LINCOLN — Opponents appear to have collected enough petition signatures to stop Lincoln's gay civil rights ordinance from taking effect.
But whether the issue goes to voters will depend on decisions by the Lincoln City Council and city officials in coming days.
Petition organizers said Tuesday they turned in 10,092 signatures to the city clerk. That's more than four times the number needed to block the anti-discrimination ordinance and potentially force a vote of the people.
The Rev. Al Riskowski, executive director of Nebraska Family Council, said some 300 volunteers circulated petitions during the past two weeks.
“We know voters have been motivated to get out and collect signatures,” he said. “It's only fair that the City Council now schedule an election for a vote.”
Carl Eskridge, the Lincoln City Council member who introduced the anti-discrimination ordinance, said he doesn't know how the council will respond.
“I would not eliminate any options at this point,” he said.
Under Lincoln's city charter, the council can vote to repeal an ordinance that is the target of a successful referendum petition.
The other option under the charter is to put the matter on the ballot at a special or general election.
In this case, there's also the possibility of a legal challenge.
Lincoln City Attorney Rod Confer said last week there were legal concerns with the form of the petition. He would not reveal those concerns, saying his job is to advise city officials.
Dave Bydalek of the group Family First, the Nebraska affiliate of Focus on the Family, said he hopes city officials don't let those concerns keep the issue off the ballot.
“The question is whether the mayor and City Council will go to the time and effort to disenfranchise 10,000 voters,” he said.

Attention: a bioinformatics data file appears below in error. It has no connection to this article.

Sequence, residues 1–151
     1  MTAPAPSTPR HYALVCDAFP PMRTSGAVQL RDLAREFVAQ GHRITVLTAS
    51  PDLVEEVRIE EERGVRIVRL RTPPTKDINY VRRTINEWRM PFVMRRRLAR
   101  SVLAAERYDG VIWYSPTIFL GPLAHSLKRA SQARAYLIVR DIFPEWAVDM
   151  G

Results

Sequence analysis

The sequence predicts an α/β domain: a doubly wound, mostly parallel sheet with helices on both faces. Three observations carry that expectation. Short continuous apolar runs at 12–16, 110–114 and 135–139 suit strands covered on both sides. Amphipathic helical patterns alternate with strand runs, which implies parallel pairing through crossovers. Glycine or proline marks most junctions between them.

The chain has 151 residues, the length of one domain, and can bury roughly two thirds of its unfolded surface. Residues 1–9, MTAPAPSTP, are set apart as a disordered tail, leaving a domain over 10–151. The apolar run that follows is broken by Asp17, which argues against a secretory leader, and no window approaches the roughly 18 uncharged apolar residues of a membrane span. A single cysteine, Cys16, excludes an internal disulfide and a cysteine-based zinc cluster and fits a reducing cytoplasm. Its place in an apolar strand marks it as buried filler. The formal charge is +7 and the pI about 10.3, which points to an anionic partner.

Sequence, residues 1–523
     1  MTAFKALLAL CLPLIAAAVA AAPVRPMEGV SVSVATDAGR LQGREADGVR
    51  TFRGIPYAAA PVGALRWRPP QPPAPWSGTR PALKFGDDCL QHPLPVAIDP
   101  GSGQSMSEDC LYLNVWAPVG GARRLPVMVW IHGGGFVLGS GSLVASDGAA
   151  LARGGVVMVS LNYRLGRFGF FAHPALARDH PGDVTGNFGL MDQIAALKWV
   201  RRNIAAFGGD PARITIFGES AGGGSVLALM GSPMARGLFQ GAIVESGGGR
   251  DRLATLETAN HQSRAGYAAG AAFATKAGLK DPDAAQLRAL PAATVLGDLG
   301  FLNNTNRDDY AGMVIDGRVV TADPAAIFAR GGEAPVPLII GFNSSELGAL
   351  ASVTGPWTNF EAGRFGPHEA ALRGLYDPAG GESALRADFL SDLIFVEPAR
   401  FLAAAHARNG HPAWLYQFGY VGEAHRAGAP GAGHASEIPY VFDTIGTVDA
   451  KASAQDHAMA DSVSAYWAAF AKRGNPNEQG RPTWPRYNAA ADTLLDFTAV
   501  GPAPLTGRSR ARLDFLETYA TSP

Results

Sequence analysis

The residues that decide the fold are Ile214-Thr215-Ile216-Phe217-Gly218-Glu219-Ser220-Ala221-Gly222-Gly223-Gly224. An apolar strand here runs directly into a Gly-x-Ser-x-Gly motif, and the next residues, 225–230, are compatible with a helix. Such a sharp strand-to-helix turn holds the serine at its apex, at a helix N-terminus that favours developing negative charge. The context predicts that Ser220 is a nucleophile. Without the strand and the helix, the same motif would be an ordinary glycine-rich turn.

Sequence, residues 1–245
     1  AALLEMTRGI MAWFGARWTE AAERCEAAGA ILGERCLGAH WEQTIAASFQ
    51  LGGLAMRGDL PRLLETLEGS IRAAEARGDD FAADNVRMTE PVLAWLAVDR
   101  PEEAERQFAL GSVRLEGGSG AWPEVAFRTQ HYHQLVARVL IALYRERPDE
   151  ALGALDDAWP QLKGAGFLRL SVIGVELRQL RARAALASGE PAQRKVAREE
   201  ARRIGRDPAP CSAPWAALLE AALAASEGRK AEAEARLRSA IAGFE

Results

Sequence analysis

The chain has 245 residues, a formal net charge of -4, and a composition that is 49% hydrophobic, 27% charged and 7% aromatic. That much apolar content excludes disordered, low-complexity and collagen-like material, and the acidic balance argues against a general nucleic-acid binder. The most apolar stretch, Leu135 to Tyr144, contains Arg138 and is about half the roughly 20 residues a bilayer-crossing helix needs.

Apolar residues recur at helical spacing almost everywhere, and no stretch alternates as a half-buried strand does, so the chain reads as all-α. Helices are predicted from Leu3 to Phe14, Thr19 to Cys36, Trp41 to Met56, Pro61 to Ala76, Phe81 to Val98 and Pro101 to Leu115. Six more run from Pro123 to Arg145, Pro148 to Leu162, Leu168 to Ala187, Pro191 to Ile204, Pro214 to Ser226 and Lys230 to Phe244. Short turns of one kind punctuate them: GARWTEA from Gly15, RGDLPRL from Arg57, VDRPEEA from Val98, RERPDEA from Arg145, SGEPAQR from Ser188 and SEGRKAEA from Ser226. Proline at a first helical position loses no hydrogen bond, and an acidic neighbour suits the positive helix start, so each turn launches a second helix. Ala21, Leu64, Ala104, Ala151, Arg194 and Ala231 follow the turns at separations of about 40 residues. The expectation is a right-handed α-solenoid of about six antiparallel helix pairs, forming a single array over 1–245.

Eskridge said he has encouraged the mayor not to pursue a legal challenge.
Lincoln Mayor Chris Beutler originally scheduled a Tuesday press conference to discuss the city's response, but it has been postponed until Thursday.
City spokeswoman Diane Gonzolas said Beutler would not comment until then.
The petition concerns an ordinance passed May 14 that bars discrimination in employment, housing and public accommodations against gay, lesbian, bisexual and transgender people. The Lincoln City Council passed the ordinance on a 5-0 vote, with two council members abstaining.
Opponents of the ordinance, led by Family First and the Nebraska Family Council, immediately launched a petition drive to put the matter to a public vote.
Organizers had 15 days to collect about 2,500 signatures, equal to 4 percent of the Lincoln voters who cast ballots in the last governor's election.
Eskridge said he was disappointed but not surprised that the petition appears to have succeeded. He said previous additions to the city's anti-discrimination ordinances have been approved by the council without a public vote or demands for one.
“I think historically it's troubling that this particular group is one that would be singled out,” he said.
The next step will be checking the petition signatures against voter registration records, a job that city officials are referring to the Lancaster County Election Commissioner's Office. Election Commissioner Dave Shively estimated the process could take a week or two.
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